Superintendent Message: Reflecting on 37 years in education
Once a week, the Lethbridge Herald publishes a column written by a superintendent of one of five school jurisdictions in the Lethbridge area. This week’s column is authored by Westwind Superintendent, Mr. Ken Sommerfeldt, and was published on May 22, 2019. Thank you to the Lethbridge Herald for permission to post this article on the Westwind website.
As I come to the conclusion of my 37-year career in education, I have had many opportunities to step back and reflect on this process we call teaching and learning. I could do a “then and now” commentary, but that has already been done elaborately by others. Instead, I would like to focus on three significant positive shifts in education that are making learning more relevant, engaging, and meaningful for students:
– A shift away from the “teacher and teaching,” to “learning and the student.” It is not enough for a teacher to say, “I taught the materialÉ I did my job.” If students were unable to master the material, then there needs to be a refocus on the teaching as well as the learning style of the student. A teacher’s duty has evolved over the last two decades to include understanding the learning needs of the student as well as working to remove barriers that may be keeping the student from succeeding.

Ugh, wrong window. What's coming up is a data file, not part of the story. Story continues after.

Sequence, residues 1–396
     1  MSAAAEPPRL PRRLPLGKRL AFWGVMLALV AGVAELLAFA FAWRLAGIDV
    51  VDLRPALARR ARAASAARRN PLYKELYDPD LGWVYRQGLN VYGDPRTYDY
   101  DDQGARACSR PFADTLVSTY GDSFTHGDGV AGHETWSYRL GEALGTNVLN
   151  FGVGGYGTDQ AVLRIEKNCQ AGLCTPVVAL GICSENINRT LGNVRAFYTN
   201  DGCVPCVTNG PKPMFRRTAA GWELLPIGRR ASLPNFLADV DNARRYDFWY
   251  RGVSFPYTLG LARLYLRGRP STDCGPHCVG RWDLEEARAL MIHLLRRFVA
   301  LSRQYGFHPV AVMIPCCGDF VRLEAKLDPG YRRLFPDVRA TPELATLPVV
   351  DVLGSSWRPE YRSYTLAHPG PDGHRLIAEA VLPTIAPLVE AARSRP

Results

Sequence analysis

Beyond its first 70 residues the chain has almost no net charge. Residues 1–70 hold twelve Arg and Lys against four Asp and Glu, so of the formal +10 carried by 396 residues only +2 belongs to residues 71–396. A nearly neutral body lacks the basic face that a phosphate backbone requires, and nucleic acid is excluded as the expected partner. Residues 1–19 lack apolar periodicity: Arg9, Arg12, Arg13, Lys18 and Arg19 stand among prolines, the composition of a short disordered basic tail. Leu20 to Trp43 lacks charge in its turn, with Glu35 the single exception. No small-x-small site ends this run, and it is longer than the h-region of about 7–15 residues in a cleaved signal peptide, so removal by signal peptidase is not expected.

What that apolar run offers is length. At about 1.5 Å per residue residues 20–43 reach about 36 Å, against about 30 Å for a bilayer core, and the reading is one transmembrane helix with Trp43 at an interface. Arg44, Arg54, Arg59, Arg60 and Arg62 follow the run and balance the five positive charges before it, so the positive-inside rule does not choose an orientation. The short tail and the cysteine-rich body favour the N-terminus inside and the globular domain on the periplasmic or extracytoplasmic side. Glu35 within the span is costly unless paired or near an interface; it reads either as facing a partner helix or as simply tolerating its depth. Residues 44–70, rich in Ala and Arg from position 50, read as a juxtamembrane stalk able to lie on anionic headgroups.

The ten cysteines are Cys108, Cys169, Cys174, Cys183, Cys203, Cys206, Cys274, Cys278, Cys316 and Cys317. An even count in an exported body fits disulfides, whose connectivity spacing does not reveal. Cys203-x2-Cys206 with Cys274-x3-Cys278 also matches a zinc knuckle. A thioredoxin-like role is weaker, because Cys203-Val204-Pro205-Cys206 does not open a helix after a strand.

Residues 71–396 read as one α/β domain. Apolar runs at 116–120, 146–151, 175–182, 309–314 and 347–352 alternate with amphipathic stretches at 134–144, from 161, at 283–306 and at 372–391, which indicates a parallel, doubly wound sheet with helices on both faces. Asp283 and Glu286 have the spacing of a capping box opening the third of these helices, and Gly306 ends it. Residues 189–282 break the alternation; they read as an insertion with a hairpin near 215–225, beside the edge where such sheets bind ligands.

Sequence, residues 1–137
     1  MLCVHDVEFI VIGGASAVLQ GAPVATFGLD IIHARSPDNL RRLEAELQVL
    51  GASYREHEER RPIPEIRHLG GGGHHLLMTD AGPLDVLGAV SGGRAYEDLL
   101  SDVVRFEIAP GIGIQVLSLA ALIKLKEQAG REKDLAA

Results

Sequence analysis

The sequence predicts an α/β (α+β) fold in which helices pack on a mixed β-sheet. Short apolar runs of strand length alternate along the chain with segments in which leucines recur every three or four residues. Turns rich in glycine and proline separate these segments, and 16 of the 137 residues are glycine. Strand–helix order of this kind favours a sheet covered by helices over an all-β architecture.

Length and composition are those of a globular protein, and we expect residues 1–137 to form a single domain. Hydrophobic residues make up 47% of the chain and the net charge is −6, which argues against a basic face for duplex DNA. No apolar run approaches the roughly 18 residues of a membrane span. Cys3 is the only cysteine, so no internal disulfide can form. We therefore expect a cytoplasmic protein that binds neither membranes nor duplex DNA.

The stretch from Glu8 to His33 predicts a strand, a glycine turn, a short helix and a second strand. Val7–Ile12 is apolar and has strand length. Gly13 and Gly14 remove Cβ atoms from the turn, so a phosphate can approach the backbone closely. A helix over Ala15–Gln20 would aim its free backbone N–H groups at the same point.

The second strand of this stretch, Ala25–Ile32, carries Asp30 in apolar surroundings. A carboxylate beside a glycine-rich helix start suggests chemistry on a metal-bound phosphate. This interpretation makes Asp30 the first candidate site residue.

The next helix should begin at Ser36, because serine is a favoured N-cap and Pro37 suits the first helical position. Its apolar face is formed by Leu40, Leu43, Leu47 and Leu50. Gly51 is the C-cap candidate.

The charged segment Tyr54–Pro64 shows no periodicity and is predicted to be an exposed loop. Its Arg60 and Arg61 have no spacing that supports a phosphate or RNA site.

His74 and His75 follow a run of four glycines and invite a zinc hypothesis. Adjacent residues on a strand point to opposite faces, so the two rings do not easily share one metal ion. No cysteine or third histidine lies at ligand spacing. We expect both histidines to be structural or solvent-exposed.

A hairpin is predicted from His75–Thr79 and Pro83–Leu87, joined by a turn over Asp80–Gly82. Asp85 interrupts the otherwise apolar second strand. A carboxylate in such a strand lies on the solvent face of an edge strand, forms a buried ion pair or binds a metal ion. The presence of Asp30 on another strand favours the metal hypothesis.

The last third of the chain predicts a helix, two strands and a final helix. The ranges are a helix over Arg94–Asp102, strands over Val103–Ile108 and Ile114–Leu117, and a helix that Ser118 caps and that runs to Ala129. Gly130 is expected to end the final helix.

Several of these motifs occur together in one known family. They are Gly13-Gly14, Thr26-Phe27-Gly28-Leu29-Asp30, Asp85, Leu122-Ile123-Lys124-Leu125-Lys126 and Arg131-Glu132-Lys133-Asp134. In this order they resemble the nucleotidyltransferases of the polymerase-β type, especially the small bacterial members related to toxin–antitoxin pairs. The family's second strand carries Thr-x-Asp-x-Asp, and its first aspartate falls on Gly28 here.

– A shift away from a “One size fits all – content focused” education to a more “personalized learning and competency-based” education. With so much information available in our day, the focus on content is less important than the skills and competencies necessary for students (of all ages) to find answers and solutions to challenges they face. Problem-solving skills acquired at all levels of development are now embedded in the curriculum for students – making learning relevant to a student’s life experience.
– A shift away from “individual teacher practice” to “professional collaboration.” The professional work done by teams of teachers in 2019 is enriched by a commitment to a collaborative model for the benefit of students. Gone are the days where teachers practise in isolation! School cultures are shifting to include time for colleagues to work with and observe their peers with a focus on continual improvement. This includes gathering and examining data, improved teacher practice, and reciprocal accountability to common goals among team members.
I could go on and on, but these three fundamental shifts in education give me great confidence in the direction, purpose and performance of our education system. I am excited by the energy, professionalism and commitment of teachers. I celebrate the contribution of parents and grandparents as the first partner in education and advocates for their children. I acknowledge the deep personal commitment of school leaders who face up to the challenge of ensuring that quality education occurs in each and every classroom.
Gratefully, I pass the torch to the next generation of educators, and humbly I express my sincere gratitude for the trust that has been given me to serve these many years in perhaps the most important work in our society.